My Right To Hear

Help them hear the world.

Shreveport, LA   |  https://myrighttohear.org/

Mission

My Right To Hear is a non-profit 501(c)(3) organization that provides cochlear implant surgery and hearing rehabilitation to children with hearing loss in Palestine and Northern Syria. The organization is only provider of this service in those countries and the only hope for thousands of children to ever hear or talk for the first time.

Ruling year info

2021

President

Nimer Abushehab

Main address

3215 Knight St Suite 116

Shreveport, LA 71105 USA

Show more contact info

EIN

85-0565285

NTEE code info

International Relief (Q33)

IRS filing requirement

This organization is required to file an IRS Form 990 or 990-EZ.

Communication

Programs and results

What we aim to solve

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Our programs

SOURCE: Self-reported by organization

What are the organization's current programs, how do they measure success, and who do the programs serve?

Palestine with no hearing loss

Our mission in Palestine covers both the West Bank and Gaza. We provide a complete infrastructure for cochlear implant surgery, including screening, devices, training local surgeons, and rehabilitation centers. The program is the first of its kind in Palestine and is the only hope for thousands of children with hearing loss to ever hear and talk for the first time.

Population(s) Served
Children and youth

Where we work

Our results

SOURCE: Self-reported by organization

How does this organization measure their results? It's a hard question but an important one.

Number of children who are successfully treated with cochlear implant surgery and are now able to hear and talk.

This metric is no longer tracked.
Totals By Year
Population(s) Served

Children and youth, Multiracial people, People with disabilities, Economically disadvantaged people

Related Program

Palestine with no hearing loss

Type of Metric

Outcome - describing the effects on people or issues

Direction of Success

Increasing

Goals & Strategy

SOURCE: Self-reported by organization

Learn about the organization's key goals, strategies, capabilities, and progress.

Charting impact

Four powerful questions that require reflection about what really matters - results.

Our main goal at My Right To Hear is for Palestine without hearing loss.

Short term goals:
1- Establish a cochlear implant program in West Bank and Gaza that is efficient and successful.
2- Lower the cost of the surgery and rehabilitation.
3- Domiciliation of the cochlear implant surgery program, starting from screening to surgery to rehabilitation.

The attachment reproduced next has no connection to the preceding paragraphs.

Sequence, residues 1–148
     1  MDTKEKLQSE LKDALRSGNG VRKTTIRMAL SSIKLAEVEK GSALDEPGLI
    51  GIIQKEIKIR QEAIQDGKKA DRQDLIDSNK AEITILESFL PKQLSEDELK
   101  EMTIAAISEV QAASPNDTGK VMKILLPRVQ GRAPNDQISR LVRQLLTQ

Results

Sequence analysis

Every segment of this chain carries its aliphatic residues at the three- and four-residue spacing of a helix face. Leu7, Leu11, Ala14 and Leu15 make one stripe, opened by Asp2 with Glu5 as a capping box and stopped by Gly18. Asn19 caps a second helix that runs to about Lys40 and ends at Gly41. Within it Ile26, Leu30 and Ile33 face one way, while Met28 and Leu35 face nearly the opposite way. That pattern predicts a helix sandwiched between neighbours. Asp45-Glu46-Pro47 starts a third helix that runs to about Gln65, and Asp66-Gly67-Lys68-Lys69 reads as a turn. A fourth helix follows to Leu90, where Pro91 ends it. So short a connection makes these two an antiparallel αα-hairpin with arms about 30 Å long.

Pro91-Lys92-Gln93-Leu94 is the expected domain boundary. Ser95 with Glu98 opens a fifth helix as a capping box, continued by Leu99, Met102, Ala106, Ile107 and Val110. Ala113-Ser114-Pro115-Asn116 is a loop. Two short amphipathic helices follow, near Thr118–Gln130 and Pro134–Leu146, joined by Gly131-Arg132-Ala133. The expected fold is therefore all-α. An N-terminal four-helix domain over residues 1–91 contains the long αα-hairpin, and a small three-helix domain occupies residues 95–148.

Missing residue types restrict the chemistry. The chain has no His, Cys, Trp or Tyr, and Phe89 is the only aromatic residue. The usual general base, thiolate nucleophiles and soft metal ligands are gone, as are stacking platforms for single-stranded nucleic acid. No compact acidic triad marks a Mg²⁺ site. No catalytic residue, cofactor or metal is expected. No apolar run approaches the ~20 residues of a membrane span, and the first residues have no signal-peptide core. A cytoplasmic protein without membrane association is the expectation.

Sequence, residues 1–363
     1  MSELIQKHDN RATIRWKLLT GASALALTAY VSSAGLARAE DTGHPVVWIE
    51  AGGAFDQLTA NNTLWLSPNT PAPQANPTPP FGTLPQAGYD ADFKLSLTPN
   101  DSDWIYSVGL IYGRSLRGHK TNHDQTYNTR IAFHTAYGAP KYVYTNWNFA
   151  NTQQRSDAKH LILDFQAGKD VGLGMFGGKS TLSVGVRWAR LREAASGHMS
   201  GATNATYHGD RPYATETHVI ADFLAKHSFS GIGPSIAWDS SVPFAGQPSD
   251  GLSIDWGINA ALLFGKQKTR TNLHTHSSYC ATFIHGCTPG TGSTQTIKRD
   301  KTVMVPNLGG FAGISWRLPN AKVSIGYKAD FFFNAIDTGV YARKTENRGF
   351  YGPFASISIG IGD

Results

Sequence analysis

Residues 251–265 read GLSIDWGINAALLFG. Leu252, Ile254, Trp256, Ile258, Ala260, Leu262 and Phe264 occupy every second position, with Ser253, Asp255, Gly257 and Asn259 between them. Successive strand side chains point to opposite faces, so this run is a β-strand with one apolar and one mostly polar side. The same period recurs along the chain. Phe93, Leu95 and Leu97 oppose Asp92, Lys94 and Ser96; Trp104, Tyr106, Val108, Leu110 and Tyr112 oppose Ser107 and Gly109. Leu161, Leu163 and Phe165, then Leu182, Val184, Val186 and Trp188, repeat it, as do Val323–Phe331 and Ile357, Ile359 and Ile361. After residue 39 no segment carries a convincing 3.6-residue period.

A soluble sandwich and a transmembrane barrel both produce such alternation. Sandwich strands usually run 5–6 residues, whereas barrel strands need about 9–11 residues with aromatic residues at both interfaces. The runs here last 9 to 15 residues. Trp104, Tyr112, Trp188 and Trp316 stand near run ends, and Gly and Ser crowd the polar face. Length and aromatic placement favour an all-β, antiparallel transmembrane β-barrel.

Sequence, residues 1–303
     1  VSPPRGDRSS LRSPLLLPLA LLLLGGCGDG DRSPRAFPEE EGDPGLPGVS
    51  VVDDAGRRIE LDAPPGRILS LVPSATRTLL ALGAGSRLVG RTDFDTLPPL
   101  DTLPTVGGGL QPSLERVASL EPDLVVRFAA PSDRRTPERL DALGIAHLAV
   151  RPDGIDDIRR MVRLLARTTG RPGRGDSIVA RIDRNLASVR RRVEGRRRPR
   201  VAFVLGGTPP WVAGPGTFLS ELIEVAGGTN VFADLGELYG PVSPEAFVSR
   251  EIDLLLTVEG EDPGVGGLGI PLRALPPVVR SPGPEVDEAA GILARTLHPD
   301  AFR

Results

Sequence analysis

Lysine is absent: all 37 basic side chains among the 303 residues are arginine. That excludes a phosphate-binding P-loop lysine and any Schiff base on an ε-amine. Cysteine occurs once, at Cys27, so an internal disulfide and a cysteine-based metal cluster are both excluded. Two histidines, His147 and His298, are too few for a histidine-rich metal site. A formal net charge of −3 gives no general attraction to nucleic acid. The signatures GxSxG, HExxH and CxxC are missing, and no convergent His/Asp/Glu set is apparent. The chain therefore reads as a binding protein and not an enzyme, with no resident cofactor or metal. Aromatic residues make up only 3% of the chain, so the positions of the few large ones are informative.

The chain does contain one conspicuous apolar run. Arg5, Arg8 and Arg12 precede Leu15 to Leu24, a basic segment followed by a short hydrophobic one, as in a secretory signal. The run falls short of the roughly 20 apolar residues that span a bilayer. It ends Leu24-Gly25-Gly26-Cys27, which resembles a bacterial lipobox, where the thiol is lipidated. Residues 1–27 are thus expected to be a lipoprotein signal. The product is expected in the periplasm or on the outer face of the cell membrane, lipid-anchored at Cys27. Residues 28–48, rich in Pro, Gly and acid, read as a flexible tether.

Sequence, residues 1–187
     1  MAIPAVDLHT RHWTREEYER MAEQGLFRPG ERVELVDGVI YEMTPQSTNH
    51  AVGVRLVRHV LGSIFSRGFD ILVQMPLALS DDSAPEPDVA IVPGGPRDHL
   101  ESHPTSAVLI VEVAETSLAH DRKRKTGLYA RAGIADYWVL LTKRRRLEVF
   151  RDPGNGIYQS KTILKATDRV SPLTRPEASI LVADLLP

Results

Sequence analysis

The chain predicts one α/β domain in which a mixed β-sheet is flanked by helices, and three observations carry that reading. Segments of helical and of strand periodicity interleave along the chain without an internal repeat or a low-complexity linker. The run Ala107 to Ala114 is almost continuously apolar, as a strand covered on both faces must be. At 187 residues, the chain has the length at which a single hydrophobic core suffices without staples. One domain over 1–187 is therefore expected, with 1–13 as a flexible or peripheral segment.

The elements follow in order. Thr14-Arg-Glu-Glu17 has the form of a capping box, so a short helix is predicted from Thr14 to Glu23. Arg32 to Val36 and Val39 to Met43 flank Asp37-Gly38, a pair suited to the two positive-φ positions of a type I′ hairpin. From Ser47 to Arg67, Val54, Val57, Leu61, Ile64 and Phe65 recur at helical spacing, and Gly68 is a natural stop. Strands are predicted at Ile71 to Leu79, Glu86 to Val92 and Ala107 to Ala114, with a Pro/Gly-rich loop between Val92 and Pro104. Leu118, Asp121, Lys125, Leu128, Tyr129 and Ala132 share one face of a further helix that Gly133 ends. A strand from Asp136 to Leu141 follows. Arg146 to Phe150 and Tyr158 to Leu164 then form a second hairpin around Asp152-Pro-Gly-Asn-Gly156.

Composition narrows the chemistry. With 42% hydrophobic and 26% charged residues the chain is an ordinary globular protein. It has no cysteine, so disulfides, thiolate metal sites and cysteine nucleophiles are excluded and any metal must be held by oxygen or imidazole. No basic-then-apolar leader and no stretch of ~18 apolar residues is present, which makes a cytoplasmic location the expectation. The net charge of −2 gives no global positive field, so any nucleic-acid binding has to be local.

4- Provide a sustainable funding source for the program through donations and grants.

1- Establish a complete infrastructure that includes hearing screening for newborns, early identification of hearing loss, identification of children with severe hearing loss requiring cochlear implants, preoperative testing, cochlear implant surgery, postoperative rehabilitation (Achieved).

2- Training local surgeons in West Bank and Gaza to be able to perform the cochlear implant surgery independently (Achieved).

3- Training medical supporting team that includes audiologists and speech therapists for screening and postoperative rehabilitation (Achieved).

4- Partnership with hospitals in West Bank and Gaza, and provide necessary equipment needed for the surgeries (Achieved).

5- Partnership with a well known cochlear implant manufacturer with a solid track record of successful surgery and good outcomes, and get the devices at the lowest possible cost (Achieved).

6- Obtain financial support for the surgeries through individual donations and grants (Continuous process).

How we listen

SOURCE: Self-reported by organization

Seeking feedback from people served makes programs more responsive and effective. Here’s how this organization is listening.

done We shared information about our current feedback practices.
  • How is your organization collecting feedback from the people you serve?

    Paper surveys,

  • How is your organization using feedback from the people you serve?

    To identify and remedy poor client service experiences, To make fundamental changes to our programs and/or operations, To inform the development of new programs/projects, To identify where we are less inclusive or equitable across demographic groups,

  • With whom is the organization sharing feedback?

    Our staff, Our board, Our funders, Our community partners,

  • Which of the following feedback practices does your organization routinely carry out?

    We collect feedback from the people we serve at least annually, We take steps to get feedback from marginalized or under-represented people, We aim to collect feedback from as many people we serve as possible, We take steps to ensure people feel comfortable being honest with us, We look for patterns in feedback based on demographics (e.g., race, age, gender, etc.), We look for patterns in feedback based on people’s interactions with us (e.g., site, frequency of service, etc.), We engage the people who provide feedback in looking for ways we can improve in response, We act on the feedback we receive, We tell the people who gave us feedback how we acted on their feedback, We ask the people who gave us feedback how well they think we responded,